House Speaker Richard Corcoran, along with 73 other Republican state representatives, called on the governor to suspend Israel for “incompetence and neglect of duty” in a letter sent Sunday.
They said he and his deputies had information about the shooter, yet failed to intervene “in the years, months and days leading up to that shooting.”
“Sheriff Israel failed to maintain a culture of alertness, vigilance and thoroughness amongst his deputies,” the letter said. “As a result of Sheriff Israel’s failures, students and teachers died.”
Amid calls for his suspension, Israel, a Democrat, said Sunday, “Of course I won’t resign.”
Law enforcement, including the FBI and local authorities, received warnings about the gunman before the attack, including one caller saying the eventual gunman could be a “school shooter in the making.”
What happened during the shooting?
Israel called out the school resource officer assigned to Stoneman Douglas that day, prompting the former deputy to defend his actions.
Israel said Scot Peterson took cover outside the building as bullets flew for four minutes and “never went in.” Peterson resigned last week after his suspension.
“I was disgusted. I was just demoralized with the performance of former deputy Peterson,” Israel said.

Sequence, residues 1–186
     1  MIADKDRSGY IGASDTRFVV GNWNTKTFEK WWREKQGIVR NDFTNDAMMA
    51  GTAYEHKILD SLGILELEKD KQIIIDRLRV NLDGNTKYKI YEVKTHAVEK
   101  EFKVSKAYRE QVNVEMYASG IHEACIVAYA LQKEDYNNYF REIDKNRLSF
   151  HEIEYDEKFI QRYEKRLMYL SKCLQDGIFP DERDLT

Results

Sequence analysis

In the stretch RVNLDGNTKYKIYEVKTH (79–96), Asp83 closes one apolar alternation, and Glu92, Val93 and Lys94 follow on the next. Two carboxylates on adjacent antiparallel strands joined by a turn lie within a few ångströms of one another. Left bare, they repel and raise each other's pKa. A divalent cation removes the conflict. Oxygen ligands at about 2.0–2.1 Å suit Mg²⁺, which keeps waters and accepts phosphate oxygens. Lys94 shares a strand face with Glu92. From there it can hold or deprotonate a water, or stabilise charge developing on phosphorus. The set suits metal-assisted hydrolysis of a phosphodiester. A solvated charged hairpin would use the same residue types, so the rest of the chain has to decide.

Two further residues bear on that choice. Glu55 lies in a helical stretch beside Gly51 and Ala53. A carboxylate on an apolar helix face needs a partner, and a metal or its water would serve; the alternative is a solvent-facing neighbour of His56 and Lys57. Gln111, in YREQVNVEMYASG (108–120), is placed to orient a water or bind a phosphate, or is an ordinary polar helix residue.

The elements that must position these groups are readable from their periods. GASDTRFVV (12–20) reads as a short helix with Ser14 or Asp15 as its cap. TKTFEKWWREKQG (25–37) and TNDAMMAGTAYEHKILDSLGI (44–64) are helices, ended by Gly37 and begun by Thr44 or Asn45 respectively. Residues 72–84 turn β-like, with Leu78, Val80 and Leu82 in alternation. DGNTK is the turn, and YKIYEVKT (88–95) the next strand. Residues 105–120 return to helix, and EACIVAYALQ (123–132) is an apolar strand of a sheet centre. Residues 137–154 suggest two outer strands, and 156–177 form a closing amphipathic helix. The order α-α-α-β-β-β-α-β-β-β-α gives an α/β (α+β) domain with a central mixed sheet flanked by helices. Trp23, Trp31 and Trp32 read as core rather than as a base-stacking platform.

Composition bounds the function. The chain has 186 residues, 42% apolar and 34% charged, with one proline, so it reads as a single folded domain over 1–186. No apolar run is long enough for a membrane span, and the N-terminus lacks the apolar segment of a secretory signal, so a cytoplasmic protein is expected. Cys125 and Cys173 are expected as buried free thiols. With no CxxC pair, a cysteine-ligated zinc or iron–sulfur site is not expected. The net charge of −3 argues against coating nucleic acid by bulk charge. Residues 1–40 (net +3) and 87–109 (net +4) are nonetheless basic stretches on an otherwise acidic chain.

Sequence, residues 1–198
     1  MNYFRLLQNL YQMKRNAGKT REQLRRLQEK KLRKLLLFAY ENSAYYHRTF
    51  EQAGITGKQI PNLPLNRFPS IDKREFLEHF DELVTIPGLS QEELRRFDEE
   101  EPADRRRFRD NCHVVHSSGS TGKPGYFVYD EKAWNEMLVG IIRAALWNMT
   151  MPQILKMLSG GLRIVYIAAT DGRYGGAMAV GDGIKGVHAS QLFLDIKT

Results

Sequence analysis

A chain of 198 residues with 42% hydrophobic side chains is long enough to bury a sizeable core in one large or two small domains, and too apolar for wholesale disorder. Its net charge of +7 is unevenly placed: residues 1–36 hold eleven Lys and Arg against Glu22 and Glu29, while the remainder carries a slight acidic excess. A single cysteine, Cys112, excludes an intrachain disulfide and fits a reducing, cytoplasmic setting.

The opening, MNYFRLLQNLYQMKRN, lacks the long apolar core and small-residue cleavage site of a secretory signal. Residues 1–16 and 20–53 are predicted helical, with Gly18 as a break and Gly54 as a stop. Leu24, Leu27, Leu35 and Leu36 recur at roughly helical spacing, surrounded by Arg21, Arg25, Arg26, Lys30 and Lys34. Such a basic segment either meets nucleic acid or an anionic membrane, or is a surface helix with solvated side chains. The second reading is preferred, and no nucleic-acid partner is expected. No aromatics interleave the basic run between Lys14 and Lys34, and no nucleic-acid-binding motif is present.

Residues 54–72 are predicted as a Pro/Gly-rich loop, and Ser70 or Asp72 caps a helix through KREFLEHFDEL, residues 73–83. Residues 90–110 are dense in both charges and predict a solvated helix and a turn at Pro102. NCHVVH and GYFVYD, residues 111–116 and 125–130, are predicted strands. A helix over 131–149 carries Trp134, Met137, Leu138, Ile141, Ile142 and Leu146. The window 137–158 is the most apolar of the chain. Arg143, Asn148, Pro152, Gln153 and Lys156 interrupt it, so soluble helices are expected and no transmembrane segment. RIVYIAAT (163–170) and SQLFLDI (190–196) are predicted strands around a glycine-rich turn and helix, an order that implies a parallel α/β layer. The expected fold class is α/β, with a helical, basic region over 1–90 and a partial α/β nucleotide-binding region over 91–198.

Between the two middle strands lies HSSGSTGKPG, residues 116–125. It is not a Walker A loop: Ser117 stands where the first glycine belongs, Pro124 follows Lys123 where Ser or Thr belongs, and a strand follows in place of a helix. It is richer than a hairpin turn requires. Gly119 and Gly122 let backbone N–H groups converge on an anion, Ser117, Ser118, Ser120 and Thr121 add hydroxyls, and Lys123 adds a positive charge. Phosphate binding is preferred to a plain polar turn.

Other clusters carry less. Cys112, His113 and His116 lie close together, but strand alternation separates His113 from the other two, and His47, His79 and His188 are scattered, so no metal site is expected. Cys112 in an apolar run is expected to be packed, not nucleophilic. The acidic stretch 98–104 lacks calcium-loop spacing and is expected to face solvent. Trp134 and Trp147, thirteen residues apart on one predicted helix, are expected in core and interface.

Peterson received active-shooter training, Israel said in a letter responding to Florida state Rep. Bill Hager’s request to remove the sheriff from his post.
Peterson’s attorney, Joseph DiRuzzo III, accused Israel of maligning Peterson, who received “glowing” annual performance reviews and in 2014 was named school resource office of the year.
“Allegations that Mr. Peterson was a coward and that his performance, under the circumstances, failed to meet the standards of police officers are patently untrue,” the statement said. “Mr. Peterson is confident that his actions on that day were appropriate under the circumstances and that the video (together with the eyewitness testimony of those on the scene) will exonerate him of any subpar performance.”
Israel’s account of Peterson’s actions is “gross oversimplification of the events,” the attorney said.